The Ontario government has extended the COVID-19 infectious disease emergency leave to January 2, 2021. The regulation, originally scheduled to end on September 4, 2020, offers employers and employees temporary relief measures during the pandemic under the Employment Standards Act, 2000 (the “Act”).
The extension will continue to help Ontario employers who are not yet able to return employees to regular work as a result of the pandemic. It is meant to protect employers from the costs of termination and severance obligations and give businesses more time to reopen and get back to full operations before returning employees to work. According to the Act, temporary layoffs normally may not exceed 13 weeks in any 20-week period or 35 weeks in any 52-consecutive week period. After this, the layoff becomes a termination and the employer must provide the employee with the appropriate entitlements. The extension of the emergency infection leave enables employers to extend a layoff beyond these maximums without triggering termination payments.
While this means employees may find themselves laid off for much longer than usual, it also has the benefit of preserving their position throughout a lengthy shutdown or work reduction.
“The cost of termination and severance pay can make it impossible for a business to survive and reopen,” says Monte McNaughton, Minister of Labour, Training and Skills Development, in a news release. “That’s why we acted to make sure businesses survive and workers have jobs to come back to.”
Employees who work at fully reopened businesses will continue to have job protection through the emergency leave if they must stay home to isolate, quarantine or take care of a loved one because of COVID-19. This includes parents who decide not to send their children back to school because of concerns about the virus.
According to the government’s website, from March 1, 2020 to January 2, 2021 the following applies:
- a non-unionized employee whose employer has temporarily reduced or eliminated their hours of work for reasons related to COVID-19 is deemed to be on a job-protected infectious disease emergency leave,
- a non-unionized employee is not considered to be laid off if their employer temporarily reduces or eliminates their hours of work or wages for reasons related to COVID-19, and
- a non-unionized employee is not considered to be constructively dismissed under the ESA if their employer temporarily reduces or eliminates their hours of work or wages for reasons related to COVID-19.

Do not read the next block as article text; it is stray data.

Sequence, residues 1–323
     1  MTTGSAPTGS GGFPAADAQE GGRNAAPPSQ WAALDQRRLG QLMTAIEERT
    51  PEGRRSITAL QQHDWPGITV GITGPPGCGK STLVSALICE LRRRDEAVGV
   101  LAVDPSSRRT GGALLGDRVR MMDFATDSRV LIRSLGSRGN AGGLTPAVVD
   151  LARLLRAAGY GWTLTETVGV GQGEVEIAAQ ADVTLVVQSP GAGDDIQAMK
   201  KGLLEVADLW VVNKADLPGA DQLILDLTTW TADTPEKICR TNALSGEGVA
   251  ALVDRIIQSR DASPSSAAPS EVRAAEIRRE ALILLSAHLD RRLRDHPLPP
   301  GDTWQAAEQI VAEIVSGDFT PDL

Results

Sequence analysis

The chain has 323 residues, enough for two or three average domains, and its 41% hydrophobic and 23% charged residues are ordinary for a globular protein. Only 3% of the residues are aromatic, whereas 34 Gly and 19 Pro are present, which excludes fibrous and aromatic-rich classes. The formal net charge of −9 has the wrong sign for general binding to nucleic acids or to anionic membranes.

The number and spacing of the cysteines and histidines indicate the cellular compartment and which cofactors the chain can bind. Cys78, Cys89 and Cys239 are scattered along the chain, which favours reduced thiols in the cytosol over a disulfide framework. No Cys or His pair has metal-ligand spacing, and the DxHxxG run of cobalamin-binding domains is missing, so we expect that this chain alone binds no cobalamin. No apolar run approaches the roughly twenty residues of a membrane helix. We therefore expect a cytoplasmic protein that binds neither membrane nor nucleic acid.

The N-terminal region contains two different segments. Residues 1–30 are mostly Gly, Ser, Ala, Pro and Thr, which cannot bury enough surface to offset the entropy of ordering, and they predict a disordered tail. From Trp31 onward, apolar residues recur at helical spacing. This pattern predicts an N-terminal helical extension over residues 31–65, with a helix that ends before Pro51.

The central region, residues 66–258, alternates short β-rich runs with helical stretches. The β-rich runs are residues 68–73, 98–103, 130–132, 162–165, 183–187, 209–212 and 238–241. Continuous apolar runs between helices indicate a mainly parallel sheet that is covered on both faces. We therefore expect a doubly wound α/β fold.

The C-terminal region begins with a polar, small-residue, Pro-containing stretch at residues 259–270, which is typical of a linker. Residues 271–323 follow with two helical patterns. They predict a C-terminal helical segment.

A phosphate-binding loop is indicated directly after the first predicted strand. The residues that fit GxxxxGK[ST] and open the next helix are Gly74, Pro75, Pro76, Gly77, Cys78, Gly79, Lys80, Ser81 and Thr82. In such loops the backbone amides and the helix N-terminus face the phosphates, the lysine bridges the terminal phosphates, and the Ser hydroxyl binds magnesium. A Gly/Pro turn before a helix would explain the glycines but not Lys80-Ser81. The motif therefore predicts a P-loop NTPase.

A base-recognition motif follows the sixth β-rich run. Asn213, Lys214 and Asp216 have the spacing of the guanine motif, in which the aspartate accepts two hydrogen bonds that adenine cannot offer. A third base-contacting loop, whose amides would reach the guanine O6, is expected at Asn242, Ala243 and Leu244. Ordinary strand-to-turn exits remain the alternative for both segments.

Then, beginning on January 3, 2021:
- employees will no longer be deemed to be on infectious disease emergency leave.
- the ESA’s regular rules around constructive dismissal resume. This means a significant reduction or elimination of an employee’s hours of work or wages may constitute a constructive dismissal, even if it was done for reasons related to COVID-19).
- the ESA’s regular rules around temporary layoff resume. For practical purposes, an employee’s temporary layoff clock re-sets on January 3, 2021.
Employees who take infectious disease emergency leave generally have the same rights as those who take pregnancy or parental leave. Employers cannot threaten, fire or penalize employees who take such a leave and there is no specified limit to how many days an employee can be on infectious disease emergency leave.
There is no specified limit as to how many days an employee can be on infectious disease emergency leave. Employees are entitled to be away from work on this emergency leave for as long as the event that triggered the leave lasts but after that, their normal obligations to be at work resume.
If the employee is the party to trigger the leave, they may be required to provide evidence that they are eligible, but employers cannot require an employee to provide a certificate from a doctor or nurse as evidence.
COVID-19 is currently the only disease for which the infectious disease emergency leave can be taken. The entitlements to leave are retroactive to January 25, 2020, and have no end date.
Reasons and Rights
There are many reasons for employees to take infectious disease emergency leave. A partial list includes those under individual medical investigation, supervision or treatment, or those who are providing care or support to designated individuals, including a spouse, parent, child, brother, sister or grandparent. Also included are employees who are directly affected by travel restrictions related to COVID-19 and cannot be reasonably expected to travel back to Ontario.
The Employment Standards Act contains several types of leave, including sick leave, family responsibility leave, family medical leave and bereavement leave. Employees may be entitled to more than one leave for the same event since the purpose, length and eligibility criteria of each leave is different.
Employees must generally advise their employer that they will take an infectious disease emergency leave before they start the leave, either in writing or verbally. If they can’t provide advance notice, the employee must inform the employer as soon as possible after the leave begins.
The government’s COVID-19 infectious disease emergency leave support guidelines are designed to provide support to both employees and employers. For more details on how this applies to individual cases, see the O. Reg. 228/20: Infectious Disease Emergency Leave under Employment Standards Act, 2000. S.O. 2000, c. 41.
For guidance on this issue and all employment or labour law matters, contact the offices of Toronto employment lawyers Grosman Gale Fletcher Hopkins LLP. We regularly advise workplace parties on a wide range of legal workplace issues. Contact us online or by phone at 416-364-9599 to schedule a consultation.
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